Erlanger Programm: Progress (and Status Quo)

The last few weeks (and also actual days) saw more than just talk about musical structure and whatnot. In fact, I got the feeling I accomplished something.

Time to sit back and look at what’s been done – and what needs to be done.

On a post that takes its title from my buddy scatterfilter’s post series, I first tell you about what I accomplished today


The score and concept having been completed long before, I finally was able to record the last voice of the four Nerdville voices for part C. This was different than the other three insofar as it included remixing of the “Bösi” track – the hold reverb applied to some repedalled string resonances of wholetone clusters from an Imperial 290 model.

Again, a relatively small setup was used: the feed from the DAW went directly into a KP3 (used either as a “touchgate” or for some pitch shifting), then into the Mackie 1202 which had on the Alt 3/4 a SMM w/Hazari, on Aux1 the Zoom G3 and on Aux2 the Line6 M9. The G3 was responsible for distortion and reverb (and additional delay), the M9 took care of pitch shift and modulation (and additional reverb). One take was all I needed, and so the tracking for part C has been completed.

Which directly brings us to…

Status Quo

150728 progress sheet
150728 progress sheet

I like to use those kinds of spreadsheets. On the left, you have the individual tracks – from the opening a to the closing a’. On top, you have various tasks: the first two columns are composition tasks (the general concept, and the in-detail arrangement, meaning working out every single note and bleep). Then there’s the digital mockup, the tracking (using real instruments), and then editing and mixing.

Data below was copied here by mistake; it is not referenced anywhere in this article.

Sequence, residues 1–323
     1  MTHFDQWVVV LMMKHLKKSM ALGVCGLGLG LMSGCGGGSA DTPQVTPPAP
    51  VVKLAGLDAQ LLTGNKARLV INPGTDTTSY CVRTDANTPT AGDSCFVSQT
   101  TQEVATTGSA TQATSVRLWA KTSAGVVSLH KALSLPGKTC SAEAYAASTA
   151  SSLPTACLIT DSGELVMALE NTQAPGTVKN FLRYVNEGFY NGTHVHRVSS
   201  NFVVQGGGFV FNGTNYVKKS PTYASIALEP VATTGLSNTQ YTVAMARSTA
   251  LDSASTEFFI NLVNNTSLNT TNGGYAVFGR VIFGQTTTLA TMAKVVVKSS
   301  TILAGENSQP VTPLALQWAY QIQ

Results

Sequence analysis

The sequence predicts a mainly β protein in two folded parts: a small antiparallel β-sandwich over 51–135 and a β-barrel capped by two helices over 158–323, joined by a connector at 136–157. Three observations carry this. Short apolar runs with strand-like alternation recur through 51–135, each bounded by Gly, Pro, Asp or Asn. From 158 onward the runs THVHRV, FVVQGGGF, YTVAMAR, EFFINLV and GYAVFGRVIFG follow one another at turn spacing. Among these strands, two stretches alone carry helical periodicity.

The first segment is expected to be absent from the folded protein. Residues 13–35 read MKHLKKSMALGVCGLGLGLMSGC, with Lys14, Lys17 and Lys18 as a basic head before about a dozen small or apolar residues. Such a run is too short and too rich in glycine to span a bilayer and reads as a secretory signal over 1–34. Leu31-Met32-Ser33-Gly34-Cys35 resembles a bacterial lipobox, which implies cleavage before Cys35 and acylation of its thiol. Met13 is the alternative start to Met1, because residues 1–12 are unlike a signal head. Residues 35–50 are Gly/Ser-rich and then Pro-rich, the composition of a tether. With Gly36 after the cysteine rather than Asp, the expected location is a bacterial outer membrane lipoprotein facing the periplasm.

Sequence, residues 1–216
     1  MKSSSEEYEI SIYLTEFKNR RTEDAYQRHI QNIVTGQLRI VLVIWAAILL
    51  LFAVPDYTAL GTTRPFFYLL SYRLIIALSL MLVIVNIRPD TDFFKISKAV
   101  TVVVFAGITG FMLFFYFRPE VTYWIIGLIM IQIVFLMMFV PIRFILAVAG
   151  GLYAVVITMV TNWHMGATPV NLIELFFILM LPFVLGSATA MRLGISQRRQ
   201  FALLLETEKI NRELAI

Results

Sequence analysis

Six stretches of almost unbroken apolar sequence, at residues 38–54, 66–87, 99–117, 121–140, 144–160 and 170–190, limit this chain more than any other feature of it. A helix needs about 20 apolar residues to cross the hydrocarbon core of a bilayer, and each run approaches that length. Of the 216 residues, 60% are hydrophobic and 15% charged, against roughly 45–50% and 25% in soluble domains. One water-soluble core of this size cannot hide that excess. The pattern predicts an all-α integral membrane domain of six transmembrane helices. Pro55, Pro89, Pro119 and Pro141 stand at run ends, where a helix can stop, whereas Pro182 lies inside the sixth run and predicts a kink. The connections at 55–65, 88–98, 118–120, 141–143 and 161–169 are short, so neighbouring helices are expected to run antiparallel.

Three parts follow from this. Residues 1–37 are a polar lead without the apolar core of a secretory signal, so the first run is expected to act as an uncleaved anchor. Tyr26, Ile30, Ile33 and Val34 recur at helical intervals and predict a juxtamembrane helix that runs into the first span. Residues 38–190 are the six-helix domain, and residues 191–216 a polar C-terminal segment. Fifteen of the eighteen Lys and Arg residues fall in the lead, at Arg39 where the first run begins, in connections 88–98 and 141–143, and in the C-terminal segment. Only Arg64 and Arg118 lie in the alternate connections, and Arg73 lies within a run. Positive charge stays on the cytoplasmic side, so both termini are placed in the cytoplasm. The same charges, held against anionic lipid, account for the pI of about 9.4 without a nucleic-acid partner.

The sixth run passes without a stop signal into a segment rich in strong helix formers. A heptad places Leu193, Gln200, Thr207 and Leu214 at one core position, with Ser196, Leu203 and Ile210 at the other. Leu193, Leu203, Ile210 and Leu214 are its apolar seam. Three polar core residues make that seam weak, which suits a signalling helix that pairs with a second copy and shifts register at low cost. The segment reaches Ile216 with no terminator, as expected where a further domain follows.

The colour code is simple: green means “completed”, magenta means “working on it”, and light grey is “not even started”. As you can see, only three parts have progressed to the tracking stage. On the other hand, on three tracks (and what’s more, three of the four main tracks) not even the arrangement has been completed.

Now there’s numbers in all non-green fields, and that’s an estimate of the hours needed to complete this field. These vary wildly – e.g. while the tracking and mixing/editing for d will only take five hours (that’s essentially recording a trombone playing one theme and then mixing it), it’s a whopping twenty-one for either part B or D (as there’s lots of instruments to be recorded, as well as the actual composition to be completed). You can do the math yourself if you like: the grand total is 85.

Realistic Estimates for a Release Date

Now a few days ago, I had this to say:

Now 85h hours and end of september? Easy – if you don’t have a day job. But let’s be realistic: one a weekend where you don’t have anything else to do, you can do about 20 hours if you get out of work early on Friday, and if you take into account it’s creative work. That means it’s about four weekends. There’s five more weekends in August (of which I can use a maximum of four), so I could do it still in August. Then there’s still mastering. And cover art. And unforeseen challenges.

So will it be end of September? I’d like to stick with that target right now for me, but you better prepare for something more end-of-yearish.


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